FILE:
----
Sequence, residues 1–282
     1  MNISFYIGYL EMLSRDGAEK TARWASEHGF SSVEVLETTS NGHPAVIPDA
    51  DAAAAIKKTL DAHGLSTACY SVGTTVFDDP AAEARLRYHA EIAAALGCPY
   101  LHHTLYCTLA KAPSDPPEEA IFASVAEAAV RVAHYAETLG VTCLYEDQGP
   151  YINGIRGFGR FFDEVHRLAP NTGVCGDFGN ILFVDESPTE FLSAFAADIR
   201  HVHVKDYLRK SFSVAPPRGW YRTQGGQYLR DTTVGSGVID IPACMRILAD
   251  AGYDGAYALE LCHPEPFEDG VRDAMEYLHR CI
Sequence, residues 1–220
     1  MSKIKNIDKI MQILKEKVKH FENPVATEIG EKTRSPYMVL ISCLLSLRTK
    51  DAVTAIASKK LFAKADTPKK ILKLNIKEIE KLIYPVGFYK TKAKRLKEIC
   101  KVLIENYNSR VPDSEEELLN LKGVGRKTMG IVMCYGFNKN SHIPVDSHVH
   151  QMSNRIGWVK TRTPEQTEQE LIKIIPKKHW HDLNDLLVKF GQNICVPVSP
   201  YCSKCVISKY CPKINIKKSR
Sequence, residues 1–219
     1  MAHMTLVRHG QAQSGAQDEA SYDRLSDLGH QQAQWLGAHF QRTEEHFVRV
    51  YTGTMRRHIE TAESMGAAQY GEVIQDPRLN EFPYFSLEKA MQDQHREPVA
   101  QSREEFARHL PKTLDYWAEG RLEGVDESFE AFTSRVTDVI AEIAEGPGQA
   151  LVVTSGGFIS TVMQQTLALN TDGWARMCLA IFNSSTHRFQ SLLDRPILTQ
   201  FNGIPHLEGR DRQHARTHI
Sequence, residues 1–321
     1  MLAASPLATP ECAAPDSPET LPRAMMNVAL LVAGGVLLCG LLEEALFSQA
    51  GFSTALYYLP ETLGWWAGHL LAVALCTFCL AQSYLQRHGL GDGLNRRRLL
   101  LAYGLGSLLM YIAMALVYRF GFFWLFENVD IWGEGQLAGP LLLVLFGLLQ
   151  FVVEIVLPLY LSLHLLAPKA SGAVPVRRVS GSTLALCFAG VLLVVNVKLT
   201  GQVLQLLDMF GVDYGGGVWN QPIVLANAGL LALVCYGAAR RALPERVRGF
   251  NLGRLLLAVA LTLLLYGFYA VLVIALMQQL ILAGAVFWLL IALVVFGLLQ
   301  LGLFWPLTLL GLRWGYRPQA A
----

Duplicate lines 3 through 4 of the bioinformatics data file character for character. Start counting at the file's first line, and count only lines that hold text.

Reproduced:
    51  DAAAAIKKTL DAHGLSTACY SVGTTVFDDP AAEARLRYHA EIAAALGCPY
   101  LHHTLYCTLA KAPSDPPEEA IFASVAEAAV RVAHYAETLG VTCLYEDQGP